Information Sheet #59
October 8, 1991
PORTFOLIOS AND THE OTHER READERS PROGRAM
[Again this fall, the Ways of Knowing faculty have decided to participate in a portfolio reading exercise. This "Other Readers Program" involves obtaining 5-10 page portfolios from each WOK student and having each writing folder, composed of two or three papers from the WOK course, read by two or more faculty. The portfolios this year will be collected in the week prior to Thanksgiving vacation (Nov. 18) and each WOK instructor will have one week to read approximately 25 portfolios from four other sections. In the week after Thanksgiving vacation, WOK students will receive the faculty's scoring sheets, indicating each reader's response to the individual's collection of writing. In some instances with portfolios that are judged by the faculty readers to be "Not Passing," advisors or mentors may recommend to students the possible benefits of enrolling in a writing course for the spring term.
Printed below is a statement listing some of the advantages for students and faculty from this Other Readers Program. In terms of Coe's writing-across-the-curriculum goals, the initiation of the WOK portfolios is probably the most significant improvement of the writing program in the past two years. The voluntary participation of nearly all WOK faculty in the Other Readers Program has made it possible for the portfolio assignment to substantially strengthen the composition experience for our freshmen. --Bob Marrs]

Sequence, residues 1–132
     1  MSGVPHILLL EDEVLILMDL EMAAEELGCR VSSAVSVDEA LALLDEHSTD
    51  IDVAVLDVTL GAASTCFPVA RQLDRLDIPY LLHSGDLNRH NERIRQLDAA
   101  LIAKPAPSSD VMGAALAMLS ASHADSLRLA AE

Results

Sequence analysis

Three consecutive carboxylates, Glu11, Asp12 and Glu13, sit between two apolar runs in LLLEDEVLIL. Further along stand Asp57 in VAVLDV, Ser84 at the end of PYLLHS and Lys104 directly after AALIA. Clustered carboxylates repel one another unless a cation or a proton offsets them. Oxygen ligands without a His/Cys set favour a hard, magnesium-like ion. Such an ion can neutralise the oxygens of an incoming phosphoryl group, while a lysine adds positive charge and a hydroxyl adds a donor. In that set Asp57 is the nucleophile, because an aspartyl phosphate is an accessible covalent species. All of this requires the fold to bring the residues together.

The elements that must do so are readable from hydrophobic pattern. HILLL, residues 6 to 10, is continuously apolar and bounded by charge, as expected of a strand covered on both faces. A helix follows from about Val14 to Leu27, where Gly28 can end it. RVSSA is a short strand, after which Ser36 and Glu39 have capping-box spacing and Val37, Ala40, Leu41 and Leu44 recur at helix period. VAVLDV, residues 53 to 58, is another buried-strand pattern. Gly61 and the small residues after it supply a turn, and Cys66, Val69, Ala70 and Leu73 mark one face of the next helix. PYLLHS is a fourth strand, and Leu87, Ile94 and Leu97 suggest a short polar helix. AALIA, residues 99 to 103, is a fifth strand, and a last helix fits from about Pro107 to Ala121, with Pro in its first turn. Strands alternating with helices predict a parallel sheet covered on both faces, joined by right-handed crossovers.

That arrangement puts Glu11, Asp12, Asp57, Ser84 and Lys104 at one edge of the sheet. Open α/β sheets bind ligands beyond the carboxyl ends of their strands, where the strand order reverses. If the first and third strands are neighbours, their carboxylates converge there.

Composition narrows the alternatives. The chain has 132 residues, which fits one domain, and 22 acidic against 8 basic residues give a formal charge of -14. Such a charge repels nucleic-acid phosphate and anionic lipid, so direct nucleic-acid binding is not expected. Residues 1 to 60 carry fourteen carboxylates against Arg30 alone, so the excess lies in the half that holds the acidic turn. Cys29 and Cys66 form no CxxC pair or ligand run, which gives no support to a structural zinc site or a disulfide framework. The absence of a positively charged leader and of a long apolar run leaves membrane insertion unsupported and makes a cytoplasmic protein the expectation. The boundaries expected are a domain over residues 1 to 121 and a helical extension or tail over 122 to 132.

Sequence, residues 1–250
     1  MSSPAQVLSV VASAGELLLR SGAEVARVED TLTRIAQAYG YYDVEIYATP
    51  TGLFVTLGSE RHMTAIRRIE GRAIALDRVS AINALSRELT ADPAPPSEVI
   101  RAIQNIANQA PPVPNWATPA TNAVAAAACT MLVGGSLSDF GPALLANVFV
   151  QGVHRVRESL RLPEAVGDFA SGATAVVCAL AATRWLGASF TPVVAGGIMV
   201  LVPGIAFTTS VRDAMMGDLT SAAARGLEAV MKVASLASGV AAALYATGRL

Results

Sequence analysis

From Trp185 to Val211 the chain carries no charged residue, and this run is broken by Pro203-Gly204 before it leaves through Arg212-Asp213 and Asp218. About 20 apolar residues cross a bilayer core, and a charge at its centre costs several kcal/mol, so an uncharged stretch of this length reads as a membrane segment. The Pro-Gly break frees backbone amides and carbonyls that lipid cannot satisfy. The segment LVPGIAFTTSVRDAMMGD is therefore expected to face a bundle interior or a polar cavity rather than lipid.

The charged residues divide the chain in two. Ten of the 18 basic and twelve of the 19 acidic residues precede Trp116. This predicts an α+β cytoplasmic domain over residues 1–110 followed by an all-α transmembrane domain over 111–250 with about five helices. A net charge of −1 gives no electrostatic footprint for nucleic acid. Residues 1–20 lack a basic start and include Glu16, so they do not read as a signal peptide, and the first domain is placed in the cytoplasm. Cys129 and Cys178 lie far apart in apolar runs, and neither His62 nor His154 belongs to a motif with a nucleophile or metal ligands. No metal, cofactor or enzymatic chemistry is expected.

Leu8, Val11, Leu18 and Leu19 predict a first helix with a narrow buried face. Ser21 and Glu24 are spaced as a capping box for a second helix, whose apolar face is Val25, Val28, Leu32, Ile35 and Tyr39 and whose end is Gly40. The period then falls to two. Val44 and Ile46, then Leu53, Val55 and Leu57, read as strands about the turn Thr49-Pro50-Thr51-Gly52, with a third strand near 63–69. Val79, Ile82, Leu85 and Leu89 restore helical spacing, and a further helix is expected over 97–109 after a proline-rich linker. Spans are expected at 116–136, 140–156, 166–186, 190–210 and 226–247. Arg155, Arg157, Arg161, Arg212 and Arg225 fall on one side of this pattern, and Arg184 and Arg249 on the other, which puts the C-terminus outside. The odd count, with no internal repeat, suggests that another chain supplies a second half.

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Nine Reasons for "Other Readers" Reading Portfolios
1. Establishment of College-Wide Composition Standards for Freshmen. Coe is among a small minority of colleges which survives without a freshman composition program, and Ways of Knowing is the only course in the freshman year when many students will do any academic writing which has been read and responded to by a faculty member. The portfolios afford a procedure for establishing reasonably clear and equitably applied standards which indicate what writing skills we expect from our freshmen by the end of their first term at Coe. The portfolios and the Other Readers Program enable the WOK faculty to establish a set of composition standards, to communicate those standards to our students, and to evaluate their work according to those common guidelines. The portfolios symbolize Coe's seriousness about writing and an expectation that all students should be capable of writing clean, thoughtful academic prose.